Gardening With Tony
BEVERLY HILLS—As confusing as they seem to be, Latin names of plants are actually intended to simplify things. They work because they are universal, everywhere and in all languages. Common names may seem simpler, but are too variable in different regions and in different languages.
For example, the white pine that is native to Northern California is not the same as the white pine of Maine. However, only the white pine of California is Pinus monticola. Furthermore, it is known as Pinus monticola everywhere and in every language, even though it has different common names in French, Afrikaans and Vietnamese.
The first name of a Latin name, which should be capitalized, is the more general 'genus' name. ('Genera' is plural, and not coincidentally similar to the word 'general'.) Pinus is the same genus name for all pines. Acer is the same genus name for all maples. Quercus is the same genus name for all oaks; and so on.
The second name of a Latin name is the more specific 'species' name. ('Specie' is plural, and not coincidentally similar to the word 'specific'.) Monticola specifies the genus of Pinus as Pinus monticola, the white pine of Northern California. Radiata specifies another genus of Pinus as Pinus radiata, the Monterey pine; and so on. The species name is not capitalized. Technically, Latin names, both genera and specie, should be italicized in print or underlined in cursive.
Latin names work like the names of cars. Buick, Chrysler and Mercury are all like genera. Electra, Imperial and Grand Marquis are all like specie, or the specific Buicks, Chryslers and Mercurys. 'Limited', 'Custom' and 'Brougham' are like variety names, like 'Variegata', 'Compacta', and 'Schwedleri'. For plants, variety names are capitalized and enclosed in semi-quotes.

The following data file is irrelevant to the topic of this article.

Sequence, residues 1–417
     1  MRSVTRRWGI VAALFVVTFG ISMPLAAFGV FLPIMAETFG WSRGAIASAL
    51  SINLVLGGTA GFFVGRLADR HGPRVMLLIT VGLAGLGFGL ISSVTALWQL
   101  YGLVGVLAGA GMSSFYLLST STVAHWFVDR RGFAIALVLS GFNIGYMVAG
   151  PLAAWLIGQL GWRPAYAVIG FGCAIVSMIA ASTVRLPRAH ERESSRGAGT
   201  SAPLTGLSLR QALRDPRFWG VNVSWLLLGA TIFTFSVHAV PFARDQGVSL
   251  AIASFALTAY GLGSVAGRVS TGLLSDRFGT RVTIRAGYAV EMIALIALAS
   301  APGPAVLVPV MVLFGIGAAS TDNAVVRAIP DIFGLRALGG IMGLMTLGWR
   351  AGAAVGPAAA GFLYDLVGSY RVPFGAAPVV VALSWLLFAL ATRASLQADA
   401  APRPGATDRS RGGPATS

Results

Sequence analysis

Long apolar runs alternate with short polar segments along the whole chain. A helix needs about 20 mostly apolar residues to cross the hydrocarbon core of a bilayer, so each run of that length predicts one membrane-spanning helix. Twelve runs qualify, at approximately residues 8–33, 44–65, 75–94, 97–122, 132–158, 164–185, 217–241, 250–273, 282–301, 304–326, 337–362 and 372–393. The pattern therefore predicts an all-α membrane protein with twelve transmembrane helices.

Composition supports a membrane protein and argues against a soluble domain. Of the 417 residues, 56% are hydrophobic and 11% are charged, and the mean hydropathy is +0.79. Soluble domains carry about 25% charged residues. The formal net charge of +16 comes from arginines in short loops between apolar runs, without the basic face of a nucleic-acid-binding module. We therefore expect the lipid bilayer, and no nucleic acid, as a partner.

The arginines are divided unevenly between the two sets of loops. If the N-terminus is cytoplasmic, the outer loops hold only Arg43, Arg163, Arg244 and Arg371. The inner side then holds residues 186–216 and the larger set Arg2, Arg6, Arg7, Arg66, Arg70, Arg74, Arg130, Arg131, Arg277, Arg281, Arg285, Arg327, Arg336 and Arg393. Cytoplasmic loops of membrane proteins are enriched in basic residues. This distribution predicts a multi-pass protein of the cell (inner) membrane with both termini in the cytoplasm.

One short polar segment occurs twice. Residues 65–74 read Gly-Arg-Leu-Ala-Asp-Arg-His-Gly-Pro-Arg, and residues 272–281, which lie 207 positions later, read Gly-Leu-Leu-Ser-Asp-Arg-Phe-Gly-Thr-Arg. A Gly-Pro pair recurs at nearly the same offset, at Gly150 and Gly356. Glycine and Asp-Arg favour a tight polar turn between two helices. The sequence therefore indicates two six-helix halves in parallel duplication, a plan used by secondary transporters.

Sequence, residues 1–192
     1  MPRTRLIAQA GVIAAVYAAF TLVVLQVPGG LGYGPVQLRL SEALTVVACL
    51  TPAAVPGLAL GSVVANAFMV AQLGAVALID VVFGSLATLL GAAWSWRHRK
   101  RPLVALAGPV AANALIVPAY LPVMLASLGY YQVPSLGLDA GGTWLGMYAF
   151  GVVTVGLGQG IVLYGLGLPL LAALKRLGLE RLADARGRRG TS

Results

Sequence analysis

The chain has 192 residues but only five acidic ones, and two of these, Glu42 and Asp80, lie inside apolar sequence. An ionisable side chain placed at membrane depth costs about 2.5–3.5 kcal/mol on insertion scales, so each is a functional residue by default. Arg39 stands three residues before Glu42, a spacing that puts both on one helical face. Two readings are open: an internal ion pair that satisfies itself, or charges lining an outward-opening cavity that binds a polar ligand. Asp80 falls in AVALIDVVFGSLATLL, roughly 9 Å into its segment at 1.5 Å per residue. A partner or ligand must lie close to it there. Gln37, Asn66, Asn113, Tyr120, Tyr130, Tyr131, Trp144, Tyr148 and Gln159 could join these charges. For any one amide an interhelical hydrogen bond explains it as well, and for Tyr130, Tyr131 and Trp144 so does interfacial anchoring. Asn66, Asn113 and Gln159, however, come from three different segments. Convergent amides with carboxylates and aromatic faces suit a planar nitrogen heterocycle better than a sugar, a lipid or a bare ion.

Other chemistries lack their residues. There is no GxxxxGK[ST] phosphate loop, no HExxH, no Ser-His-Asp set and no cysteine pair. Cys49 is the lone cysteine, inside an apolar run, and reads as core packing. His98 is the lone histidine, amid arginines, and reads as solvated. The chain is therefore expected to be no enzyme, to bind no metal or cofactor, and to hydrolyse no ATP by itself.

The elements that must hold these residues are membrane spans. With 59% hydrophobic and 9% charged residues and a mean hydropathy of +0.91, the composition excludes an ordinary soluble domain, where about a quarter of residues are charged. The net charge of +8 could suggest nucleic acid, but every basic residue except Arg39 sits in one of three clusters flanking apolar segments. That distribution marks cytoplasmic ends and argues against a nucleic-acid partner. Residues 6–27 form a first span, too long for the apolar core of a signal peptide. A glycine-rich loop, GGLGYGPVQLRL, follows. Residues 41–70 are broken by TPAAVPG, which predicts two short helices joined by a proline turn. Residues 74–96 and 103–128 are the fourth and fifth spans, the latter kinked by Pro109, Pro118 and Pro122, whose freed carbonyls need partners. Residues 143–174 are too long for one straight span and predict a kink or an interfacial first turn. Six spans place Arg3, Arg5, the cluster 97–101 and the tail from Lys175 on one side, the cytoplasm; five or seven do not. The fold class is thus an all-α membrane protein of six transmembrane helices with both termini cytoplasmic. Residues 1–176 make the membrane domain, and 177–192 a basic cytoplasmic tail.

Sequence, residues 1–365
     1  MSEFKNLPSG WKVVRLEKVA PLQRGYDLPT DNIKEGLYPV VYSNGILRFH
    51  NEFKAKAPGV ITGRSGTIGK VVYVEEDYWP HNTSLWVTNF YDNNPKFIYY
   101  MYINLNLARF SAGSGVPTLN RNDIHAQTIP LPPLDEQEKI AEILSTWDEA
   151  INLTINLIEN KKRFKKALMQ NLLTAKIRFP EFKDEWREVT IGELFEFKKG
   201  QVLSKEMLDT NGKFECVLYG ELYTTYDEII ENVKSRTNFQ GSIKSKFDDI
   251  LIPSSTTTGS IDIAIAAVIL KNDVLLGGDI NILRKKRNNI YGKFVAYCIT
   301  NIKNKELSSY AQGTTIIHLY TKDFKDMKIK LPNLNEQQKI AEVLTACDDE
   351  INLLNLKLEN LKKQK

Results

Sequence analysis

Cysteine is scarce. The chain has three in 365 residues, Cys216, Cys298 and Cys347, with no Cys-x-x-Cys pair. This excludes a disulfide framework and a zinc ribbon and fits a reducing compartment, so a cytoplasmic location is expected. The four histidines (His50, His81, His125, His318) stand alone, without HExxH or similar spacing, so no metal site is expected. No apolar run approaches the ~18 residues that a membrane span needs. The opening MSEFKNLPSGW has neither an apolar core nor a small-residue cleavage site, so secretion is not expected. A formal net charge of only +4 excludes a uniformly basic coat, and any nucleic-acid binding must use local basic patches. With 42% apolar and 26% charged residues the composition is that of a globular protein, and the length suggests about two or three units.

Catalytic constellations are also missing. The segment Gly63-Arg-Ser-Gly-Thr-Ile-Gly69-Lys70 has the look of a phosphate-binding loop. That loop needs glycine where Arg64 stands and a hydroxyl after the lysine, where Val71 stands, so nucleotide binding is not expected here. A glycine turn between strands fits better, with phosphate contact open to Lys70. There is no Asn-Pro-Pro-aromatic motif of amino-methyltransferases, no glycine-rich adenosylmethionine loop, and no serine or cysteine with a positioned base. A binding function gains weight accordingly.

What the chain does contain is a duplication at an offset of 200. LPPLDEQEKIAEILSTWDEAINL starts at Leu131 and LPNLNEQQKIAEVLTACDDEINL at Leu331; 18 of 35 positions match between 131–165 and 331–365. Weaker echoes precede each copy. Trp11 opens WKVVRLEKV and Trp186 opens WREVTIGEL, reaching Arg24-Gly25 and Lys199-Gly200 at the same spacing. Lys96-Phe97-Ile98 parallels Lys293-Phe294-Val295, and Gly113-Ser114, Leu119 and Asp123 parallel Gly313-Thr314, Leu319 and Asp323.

As universal as Latin names should be, a few sometimes get changed. This can be confusing, and causes some plants to become known more commonly by either the new or old name as well as the other of the two names as a 'synonym'. For example, Dietes bicolor and Morea bicolor are the same plant; but not many know for certain which name is more correct. It is like when Datsun became Nissan, but was also known as Datsun for many years afterward.
Flower of the Week: Butterfly Iris
What was introduced as a seemingly fancier alternative to the common African iris is now almost as popular. Butterfly iris, Dietes bicolor (or Morea bicolor), is about as easy to grow, and nearly as resilient. Instead of white, the flowers are soft yellow with three prominent purplish brown spots with orange margins. The grassy evergreen leaves are a bit narrower and pliable.
Mature plants may get nearly three feet high and five feet wide. For those who do not mind digging and splitting apart the tough and densely matted rhizomes, large clumps are very conducive to propagation by division in autumn or winter. Deadheading (removal of stems that have finished blooming) promotes continued bloom and limits dispersion of seed that might otherwise grow new plants where they are not wanted. A bit of partial shade or minimal watering are probably nothing to worry about, but may inhibit bloom. Well exposed, well watered and well deadheaded butterfly iris should bloom from early spring until early winter.
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